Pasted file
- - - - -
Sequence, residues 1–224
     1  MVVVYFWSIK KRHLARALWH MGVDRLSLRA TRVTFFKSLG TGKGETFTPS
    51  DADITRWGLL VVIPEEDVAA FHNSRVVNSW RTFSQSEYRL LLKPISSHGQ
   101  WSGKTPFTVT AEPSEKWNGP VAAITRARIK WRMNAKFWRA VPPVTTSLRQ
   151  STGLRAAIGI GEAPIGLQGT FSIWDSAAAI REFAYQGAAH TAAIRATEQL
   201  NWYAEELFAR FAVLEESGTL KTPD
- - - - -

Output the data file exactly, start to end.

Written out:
Sequence, residues 1–224
     1  MVVVYFWSIK KRHLARALWH MGVDRLSLRA TRVTFFKSLG TGKGETFTPS
    51  DADITRWGLL VVIPEEDVAA FHNSRVVNSW RTFSQSEYRL LLKPISSHGQ
   101  WSGKTPFTVT AEPSEKWNGP VAAITRARIK WRMNAKFWRA VPPVTTSLRQ
   151  STGLRAAIGI GEAPIGLQGT FSIWDSAAAI REFAYQGAAH TAAIRATEQL
   201  NWYAEELFAR FAVLEESGTL KTPD